I don’t know exactly what this pronouncement—the devil is in the details—actually means, but I do have a few thoughts on the matter that once raised I now want to hold aloft, or carry along for a bit.  It is said (though I am not sure by whom) that the saying that connects the devil to the details derives from an earlier statement claiming that “God is in the details.” I am not sure which statement is more accurate, but in both cases the details remain the sticking point. In both cases, it is to the details that one must look for meaning, and in either case, then, the details are the whole. In fact, I do not honestly care with whom the details are associated;, the Devil or the Lord; what I do care about is the details. 
I would suspect that whoever said ‘the devil is in the details’ most probably found that the details too often made some hoped-for concord in life impossible to achieve. The details defied the very idea of untroubled unity; those pesky details too often revealed the cracks and rents of which that unity was actually comprised, and rendered that unity evilly illusory and deceptive. Needless to say, (but now I’m going to say it anyway) this person would attribute all such difficulty and discord to the work of the Devil: the whole must be heavenly, but the devil is in the details, and they just ruin the identity of the whole. The devil made him do it, and there is no way to avoid this devil. The ideal of the perfect relationship often cracks apart at the discovery of the first detail of actual living, no matter of what that detail might turn out to consist. “Oh, just get over it” we say to gloss over the presence of the Devil, but there are many hurdles over which we must daily leap. The course of a single day never does run smooth. I, for one, am very weary at the end of the day, ‘weary,’ that is, as opposed to ‘tired,’ the former partaking of some psychological enervation and the latter of some actual physical fatigue. Similarly, any valuable, compleat philosophical worldview splinters from a first contact with real beings operating in the actual world of human behaviors. The exception—that damned detail—proves the rule, but that universal rule is always so much more orderly and comfortable. I think to those who believe that the Devil is in the details, daily life must be truly a horror or a fantasy.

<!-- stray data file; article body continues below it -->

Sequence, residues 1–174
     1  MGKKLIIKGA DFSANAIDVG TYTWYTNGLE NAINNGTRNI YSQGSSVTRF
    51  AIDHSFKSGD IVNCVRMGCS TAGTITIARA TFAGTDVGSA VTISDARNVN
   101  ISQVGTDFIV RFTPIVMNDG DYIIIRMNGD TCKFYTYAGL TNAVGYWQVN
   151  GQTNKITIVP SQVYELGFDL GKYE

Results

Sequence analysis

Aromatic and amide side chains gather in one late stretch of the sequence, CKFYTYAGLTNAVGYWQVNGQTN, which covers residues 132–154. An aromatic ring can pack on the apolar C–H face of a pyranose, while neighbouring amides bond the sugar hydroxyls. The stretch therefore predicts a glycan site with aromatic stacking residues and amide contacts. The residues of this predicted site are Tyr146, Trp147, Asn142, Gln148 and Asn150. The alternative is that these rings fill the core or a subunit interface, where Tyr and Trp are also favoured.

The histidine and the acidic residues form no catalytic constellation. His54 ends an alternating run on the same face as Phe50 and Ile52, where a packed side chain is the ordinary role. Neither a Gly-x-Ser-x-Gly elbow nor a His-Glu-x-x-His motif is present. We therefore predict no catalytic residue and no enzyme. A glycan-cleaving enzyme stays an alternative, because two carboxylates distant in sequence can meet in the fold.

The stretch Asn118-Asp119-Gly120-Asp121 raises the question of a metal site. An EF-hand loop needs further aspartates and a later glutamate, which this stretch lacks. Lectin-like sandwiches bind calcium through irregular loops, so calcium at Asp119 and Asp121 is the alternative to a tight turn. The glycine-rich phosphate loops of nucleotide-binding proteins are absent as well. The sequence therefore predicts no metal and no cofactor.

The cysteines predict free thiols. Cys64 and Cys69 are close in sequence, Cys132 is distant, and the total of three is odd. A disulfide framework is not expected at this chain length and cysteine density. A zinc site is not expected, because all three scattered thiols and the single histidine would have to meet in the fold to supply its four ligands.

But if it is God that inhabits the details then God must be that which comprises the whole, for there can be no detail that is not part of some whole: in terms of architecture (it is to the German architect, Ludwig Miles Van der Rohe, to whom is attributed the statement connecting God with the details) the beauty of a structure would be found in the untold number of small items (the details) of which the whole consists. That is, the beauty of the whole is comprised of small parts, and in those small parts the wonder of creation can be found. Diamond Jim makes his usual entrance with every hair in place! God is the whole but God cannot exist except in the details. Spinoza says, “By God, I mean a being absolutely infinitethat is, a substance consisting in infinite attributes, of which each expresses eternal and infinite essentiality.” God is in the details. 
In either caseGod or the Devilthe central fact of life resides in the details. I have long been concerned with those details. Sometimes I do not wonder if she loves me but whether she placed the cap back on the toothpaste. I am not pleased when I hear that the overall idea in a piece of my writing is certainly of great interest, but that my execution of the whole work requires some specific revisions. It is not my general health with which I am concerned, but the proper functioning of each and every organ, vein, artery and nerve. Barry Bonds may have hit more home runs than Babe Ruth or Roger Maris, but the specific details of accomplishing that feat call the whole into question. The Devil is certainly in the details here.